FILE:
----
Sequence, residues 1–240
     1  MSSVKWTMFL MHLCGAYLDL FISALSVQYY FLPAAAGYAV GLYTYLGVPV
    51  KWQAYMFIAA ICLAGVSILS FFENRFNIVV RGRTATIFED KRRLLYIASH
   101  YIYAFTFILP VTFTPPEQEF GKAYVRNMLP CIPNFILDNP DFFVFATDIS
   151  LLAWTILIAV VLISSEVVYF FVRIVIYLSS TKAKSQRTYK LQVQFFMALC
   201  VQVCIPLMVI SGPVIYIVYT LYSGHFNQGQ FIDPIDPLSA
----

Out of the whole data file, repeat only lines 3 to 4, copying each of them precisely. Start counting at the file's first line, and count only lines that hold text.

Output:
    51  KWQAYMFIAA ICLAGVSILS FFENRFNIVV RGRTATIFED KRRLLYIASH
   101  YIYAFTFILP VTFTPPEQEF GKAYVRNMLP CIPNFILDNP DFFVFATDIS